Ct.App. 6 H031292. Monterey County Super. Ct. No. J38483. Judge Stephen A. Sillman.
The opinion of the court was delivered by: Kennard, J.
When a minor within the jurisdiction of the juvenile court is committed to the California Department of Corrections and Rehabilitation, Division of Juvenile Justice, the juvenile court is required to indicate the maximum period of physical confinement. (Welf. & Inst. Code, § 726, subd. (c).)*fn1 In setting that confinement period, which may be less than, but not more than, the prison sentence that could be imposed on an adult convicted of the same crime, the court must consider the "facts and circumstances" of the crime. (§ 731, subd. (c).)
This case presents two issues: First, must the juvenile court orally pronounce the juvenile's maximum period of confinement, or will a written statement of that period suffice? Our answer: The latter is sufficient. Second, must the record show that the court complied with section 731, subdivision (c), by considering imposition of a confinement period - shorter than the adult maximum - that might be justified by the "facts and circumstances" of the crime or crimes committed by the juvenile? Our answer: On a silent record, as is the case here, we will presume that the juvenile court performed its statutory duty.
The probation report describes the incident leading to Julian R.'s wardship as follows: On June 11, 2006, police officers, responding to a reported carjacking in the parking lot of a fast food restaurant in the City of Salinas, in Monterey County, found two male victims who said they had been assaulted by the occupants of another car. The victims' car had been taken, and was later found abandoned nearby.
An hour later, during a routine traffic stop, police officers detained a car near the fast food restaurant. In the car were 17-year-old Julian and five other persons, some of whom fit the description of the carjackers. Radio speakers from, and keys to, the victims' stolen car were found inside the detained car. The officers brought the six suspects to the restaurant's parking lot. There, the suspects were shown to witnesses of the carjacking. Julian was identified as the one who had kicked and punched both victims.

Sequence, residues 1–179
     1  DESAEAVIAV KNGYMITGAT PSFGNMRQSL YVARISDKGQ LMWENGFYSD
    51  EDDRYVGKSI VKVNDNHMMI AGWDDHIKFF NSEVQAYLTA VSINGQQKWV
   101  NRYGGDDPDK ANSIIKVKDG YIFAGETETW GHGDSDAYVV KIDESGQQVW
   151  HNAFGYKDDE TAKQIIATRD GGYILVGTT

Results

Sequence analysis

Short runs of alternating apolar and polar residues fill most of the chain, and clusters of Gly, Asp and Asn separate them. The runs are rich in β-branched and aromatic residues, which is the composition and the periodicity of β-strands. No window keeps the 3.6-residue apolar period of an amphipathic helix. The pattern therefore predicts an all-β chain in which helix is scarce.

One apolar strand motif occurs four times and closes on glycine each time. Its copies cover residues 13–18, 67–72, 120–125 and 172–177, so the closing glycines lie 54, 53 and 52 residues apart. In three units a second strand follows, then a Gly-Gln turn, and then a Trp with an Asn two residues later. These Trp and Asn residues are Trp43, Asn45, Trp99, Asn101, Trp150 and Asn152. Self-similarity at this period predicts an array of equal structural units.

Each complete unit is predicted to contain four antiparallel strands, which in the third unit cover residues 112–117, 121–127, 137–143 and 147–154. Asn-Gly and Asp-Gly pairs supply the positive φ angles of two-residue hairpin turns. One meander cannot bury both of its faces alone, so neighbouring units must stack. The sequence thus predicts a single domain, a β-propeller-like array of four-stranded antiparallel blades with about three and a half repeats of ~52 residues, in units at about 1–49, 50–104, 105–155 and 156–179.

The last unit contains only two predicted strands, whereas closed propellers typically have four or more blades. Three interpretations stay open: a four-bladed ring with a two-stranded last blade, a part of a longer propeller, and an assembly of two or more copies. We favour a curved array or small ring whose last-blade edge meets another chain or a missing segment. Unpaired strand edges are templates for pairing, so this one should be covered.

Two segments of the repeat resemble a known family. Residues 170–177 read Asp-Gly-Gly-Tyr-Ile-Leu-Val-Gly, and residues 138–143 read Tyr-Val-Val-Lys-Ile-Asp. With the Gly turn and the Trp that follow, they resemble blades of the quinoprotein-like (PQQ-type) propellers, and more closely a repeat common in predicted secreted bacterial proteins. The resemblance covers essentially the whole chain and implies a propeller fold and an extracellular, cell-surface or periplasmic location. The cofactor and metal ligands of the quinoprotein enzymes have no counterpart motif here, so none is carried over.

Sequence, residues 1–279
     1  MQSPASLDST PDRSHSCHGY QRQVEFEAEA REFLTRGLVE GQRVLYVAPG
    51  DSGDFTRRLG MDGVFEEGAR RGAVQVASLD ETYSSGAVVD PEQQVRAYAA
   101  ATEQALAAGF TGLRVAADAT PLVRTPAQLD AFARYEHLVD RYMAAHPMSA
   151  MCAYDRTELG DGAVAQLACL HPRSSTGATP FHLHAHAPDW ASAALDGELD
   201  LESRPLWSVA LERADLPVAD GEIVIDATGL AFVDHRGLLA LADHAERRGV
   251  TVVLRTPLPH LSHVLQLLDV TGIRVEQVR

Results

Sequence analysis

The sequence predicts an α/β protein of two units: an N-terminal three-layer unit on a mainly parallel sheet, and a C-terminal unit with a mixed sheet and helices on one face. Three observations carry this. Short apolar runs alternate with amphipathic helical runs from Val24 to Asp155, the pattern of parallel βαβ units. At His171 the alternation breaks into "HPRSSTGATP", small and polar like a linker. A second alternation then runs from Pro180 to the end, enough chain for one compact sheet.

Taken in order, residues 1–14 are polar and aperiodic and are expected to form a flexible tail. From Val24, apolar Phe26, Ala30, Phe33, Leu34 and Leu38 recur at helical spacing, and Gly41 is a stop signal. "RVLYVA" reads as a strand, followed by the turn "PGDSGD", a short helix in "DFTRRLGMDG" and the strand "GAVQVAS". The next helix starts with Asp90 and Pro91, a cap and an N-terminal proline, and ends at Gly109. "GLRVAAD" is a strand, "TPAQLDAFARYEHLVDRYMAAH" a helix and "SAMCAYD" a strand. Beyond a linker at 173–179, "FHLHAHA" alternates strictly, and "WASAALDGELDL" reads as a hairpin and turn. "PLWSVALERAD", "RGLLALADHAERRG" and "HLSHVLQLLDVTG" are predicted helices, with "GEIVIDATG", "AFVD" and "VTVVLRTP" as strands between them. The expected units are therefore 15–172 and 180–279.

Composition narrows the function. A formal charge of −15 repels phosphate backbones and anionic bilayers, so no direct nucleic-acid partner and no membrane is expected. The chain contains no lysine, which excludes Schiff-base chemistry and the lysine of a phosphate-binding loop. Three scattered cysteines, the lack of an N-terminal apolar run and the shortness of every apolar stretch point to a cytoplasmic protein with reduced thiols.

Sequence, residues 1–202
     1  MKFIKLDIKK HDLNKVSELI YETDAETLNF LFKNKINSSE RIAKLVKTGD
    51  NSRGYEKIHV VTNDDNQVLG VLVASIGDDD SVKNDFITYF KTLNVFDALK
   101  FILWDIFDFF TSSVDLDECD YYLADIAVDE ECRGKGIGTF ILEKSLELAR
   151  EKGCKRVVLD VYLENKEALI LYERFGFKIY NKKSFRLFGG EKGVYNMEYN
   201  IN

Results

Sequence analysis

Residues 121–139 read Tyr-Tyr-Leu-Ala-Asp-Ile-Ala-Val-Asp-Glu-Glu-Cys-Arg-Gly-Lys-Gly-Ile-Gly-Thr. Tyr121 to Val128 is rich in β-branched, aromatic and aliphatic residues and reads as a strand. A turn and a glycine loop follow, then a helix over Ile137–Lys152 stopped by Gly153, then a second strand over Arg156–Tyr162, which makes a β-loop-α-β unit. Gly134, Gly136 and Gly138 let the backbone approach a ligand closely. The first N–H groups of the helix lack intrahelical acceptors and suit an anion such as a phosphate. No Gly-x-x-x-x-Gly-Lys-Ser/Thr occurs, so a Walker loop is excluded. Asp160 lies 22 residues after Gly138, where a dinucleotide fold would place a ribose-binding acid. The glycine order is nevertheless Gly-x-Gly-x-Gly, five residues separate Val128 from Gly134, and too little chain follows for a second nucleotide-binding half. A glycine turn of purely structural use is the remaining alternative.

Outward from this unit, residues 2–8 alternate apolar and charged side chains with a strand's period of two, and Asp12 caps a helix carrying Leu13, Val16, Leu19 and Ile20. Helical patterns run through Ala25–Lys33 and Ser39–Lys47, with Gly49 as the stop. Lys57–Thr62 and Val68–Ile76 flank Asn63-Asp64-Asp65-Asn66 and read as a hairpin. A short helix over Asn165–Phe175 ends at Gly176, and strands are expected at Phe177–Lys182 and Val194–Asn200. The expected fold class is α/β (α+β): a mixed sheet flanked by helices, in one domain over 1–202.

On July 20, 2006, in return for dismissal of the carjacking count, Julian admitted committing two counts of assault against separate victims by means of force likely to produce great bodily injury (Pen. Code, § 245, subd. (a)(1)); each count was subject to a criminal street gang sentence enhancement (Pen. Code, § 186.22, subd. (b)(1)).
By a dispositional order of August 7, 2006, the juvenile court declared Julian to be a ward of the court under section 602 and, rejecting the probation officer's recommendation for a commitment to the Division of Juvenile Justice (formerly the California Youth Authority), the court ordered Julian committed to the Monterey Youth Center. On February 5, 2007, after Julian tested positive for cocaine use in violation of his probation, he was expelled from the Monterey Youth Center. This led to the filing of a supplemental petition on February 7, 2007, alleging two probation violations - cocaine use and failure to satisfactorily complete the youth center program. The next day, at a detention hearing on that supplemental petition, Julian admitted the probation violations.